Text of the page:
2. What are the key changes?

The way you submit your Single Touch Payroll report, the due date, and the end-of-year finalisation declaration for each employee have not changed. Tax and superannuation details are still required as before.

While the first installment of Single Touch Payroll was introduced to reduce reporting requirements and allow Australian businesses to digitally engage with Government agencies in a single process, Phase 2 does require businesses to undertake additional reporting. The changes will be an adjustment for many.

STP Phase 2 aims to streamline your reporting process by including information that you currently provide in different ways and on different forms all in one place in your STP report. This brings with it changes that reduce reporting requirements in some areas and require additional reporting in others. The following areas reflect these changes:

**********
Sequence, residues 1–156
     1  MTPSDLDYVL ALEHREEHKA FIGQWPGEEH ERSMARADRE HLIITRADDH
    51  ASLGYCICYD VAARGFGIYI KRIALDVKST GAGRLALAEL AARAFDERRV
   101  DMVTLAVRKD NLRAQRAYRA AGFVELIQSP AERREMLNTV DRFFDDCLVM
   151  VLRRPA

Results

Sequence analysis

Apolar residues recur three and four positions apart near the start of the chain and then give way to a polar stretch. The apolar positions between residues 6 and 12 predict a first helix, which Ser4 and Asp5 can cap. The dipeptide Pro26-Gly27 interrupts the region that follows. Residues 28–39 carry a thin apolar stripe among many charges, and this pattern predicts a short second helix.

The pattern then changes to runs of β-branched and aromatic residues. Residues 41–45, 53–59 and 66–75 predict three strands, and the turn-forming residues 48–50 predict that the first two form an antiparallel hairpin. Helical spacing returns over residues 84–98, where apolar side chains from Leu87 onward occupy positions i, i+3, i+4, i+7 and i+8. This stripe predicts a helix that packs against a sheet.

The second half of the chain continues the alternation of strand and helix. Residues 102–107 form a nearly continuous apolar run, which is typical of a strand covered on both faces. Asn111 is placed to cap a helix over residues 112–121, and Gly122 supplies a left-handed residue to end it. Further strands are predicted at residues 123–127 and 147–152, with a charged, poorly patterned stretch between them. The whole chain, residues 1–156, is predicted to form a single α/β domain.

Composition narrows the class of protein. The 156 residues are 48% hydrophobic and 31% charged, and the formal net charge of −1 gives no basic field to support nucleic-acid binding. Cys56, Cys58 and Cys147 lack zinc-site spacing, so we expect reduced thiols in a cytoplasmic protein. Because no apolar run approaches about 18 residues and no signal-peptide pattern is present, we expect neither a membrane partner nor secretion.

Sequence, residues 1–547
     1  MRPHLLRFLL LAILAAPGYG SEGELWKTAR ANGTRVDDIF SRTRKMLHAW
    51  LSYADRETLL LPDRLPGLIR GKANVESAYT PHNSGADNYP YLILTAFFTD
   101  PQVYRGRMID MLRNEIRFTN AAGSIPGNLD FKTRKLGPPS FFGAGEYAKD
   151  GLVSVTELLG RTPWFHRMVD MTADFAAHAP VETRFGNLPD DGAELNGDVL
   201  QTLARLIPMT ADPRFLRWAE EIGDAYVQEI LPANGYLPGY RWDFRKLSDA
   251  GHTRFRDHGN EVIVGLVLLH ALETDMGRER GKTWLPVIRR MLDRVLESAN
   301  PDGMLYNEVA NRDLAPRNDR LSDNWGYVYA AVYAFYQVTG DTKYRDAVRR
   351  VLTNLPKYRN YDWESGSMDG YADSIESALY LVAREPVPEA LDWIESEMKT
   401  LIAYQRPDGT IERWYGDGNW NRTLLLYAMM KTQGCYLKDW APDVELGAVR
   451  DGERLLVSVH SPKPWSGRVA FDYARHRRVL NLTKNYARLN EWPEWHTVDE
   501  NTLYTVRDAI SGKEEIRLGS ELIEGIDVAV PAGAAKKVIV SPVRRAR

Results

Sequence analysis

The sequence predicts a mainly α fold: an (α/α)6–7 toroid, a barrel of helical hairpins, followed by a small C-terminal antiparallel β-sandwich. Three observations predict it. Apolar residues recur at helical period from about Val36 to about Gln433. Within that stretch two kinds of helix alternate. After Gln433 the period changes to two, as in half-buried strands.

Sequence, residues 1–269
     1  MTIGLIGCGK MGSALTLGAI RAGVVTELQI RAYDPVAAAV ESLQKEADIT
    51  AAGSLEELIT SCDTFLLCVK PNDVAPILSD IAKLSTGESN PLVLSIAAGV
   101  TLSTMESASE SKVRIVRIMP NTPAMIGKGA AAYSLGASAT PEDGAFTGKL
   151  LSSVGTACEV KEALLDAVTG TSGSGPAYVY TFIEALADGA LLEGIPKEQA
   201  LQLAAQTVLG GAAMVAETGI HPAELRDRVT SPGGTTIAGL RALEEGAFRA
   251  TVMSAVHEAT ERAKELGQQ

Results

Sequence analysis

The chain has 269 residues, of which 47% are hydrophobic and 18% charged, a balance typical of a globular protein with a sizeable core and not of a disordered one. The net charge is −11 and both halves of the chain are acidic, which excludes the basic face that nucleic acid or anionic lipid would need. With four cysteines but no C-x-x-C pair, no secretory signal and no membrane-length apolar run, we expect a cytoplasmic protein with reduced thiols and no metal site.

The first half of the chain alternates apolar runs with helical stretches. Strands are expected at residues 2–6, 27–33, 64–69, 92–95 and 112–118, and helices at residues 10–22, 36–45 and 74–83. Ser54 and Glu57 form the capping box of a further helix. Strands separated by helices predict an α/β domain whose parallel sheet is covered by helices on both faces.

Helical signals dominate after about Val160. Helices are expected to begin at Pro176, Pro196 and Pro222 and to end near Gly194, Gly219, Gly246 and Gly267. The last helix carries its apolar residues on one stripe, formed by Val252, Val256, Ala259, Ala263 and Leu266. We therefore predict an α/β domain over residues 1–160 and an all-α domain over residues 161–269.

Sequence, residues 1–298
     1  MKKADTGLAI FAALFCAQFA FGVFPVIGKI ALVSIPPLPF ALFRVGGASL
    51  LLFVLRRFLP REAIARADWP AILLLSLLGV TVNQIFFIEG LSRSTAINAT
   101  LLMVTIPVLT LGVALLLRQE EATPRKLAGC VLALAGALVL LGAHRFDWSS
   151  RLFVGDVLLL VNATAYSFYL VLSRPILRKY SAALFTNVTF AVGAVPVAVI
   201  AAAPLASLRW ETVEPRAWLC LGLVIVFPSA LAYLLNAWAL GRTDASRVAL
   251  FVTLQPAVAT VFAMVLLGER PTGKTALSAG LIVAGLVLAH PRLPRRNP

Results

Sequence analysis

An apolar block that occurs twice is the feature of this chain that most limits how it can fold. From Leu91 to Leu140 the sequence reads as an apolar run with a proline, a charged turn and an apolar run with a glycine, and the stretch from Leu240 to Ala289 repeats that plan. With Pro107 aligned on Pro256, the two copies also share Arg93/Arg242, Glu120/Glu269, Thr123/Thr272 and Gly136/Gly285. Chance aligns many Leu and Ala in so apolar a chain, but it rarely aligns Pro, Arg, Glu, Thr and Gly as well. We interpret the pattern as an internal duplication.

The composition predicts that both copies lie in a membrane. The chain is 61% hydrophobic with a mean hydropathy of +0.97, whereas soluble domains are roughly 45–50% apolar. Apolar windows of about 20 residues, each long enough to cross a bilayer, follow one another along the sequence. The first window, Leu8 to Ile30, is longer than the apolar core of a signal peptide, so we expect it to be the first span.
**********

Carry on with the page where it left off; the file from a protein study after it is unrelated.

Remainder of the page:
Tax File Number Declarations
The details collected from Tax File Number declarations – including Tax File Number, employment type, and higher education debts — are to be included in STP reporting, so the declaration itself is no longer required to be sent to the ATO.

Employee Separation Certificates
Employee Separation Certificates are no longer necessary, as information about why an employee has left the business will now be provided via STP reporting.

Lump Sum E payments
Before, if an employer paid an employee a payment owing from a previous year, a Lump Sum E letter had to be provided to the employee. The letter is no longer required as this information is now to be included in STP reporting, with details of the payment to appear in the income statement of the employee.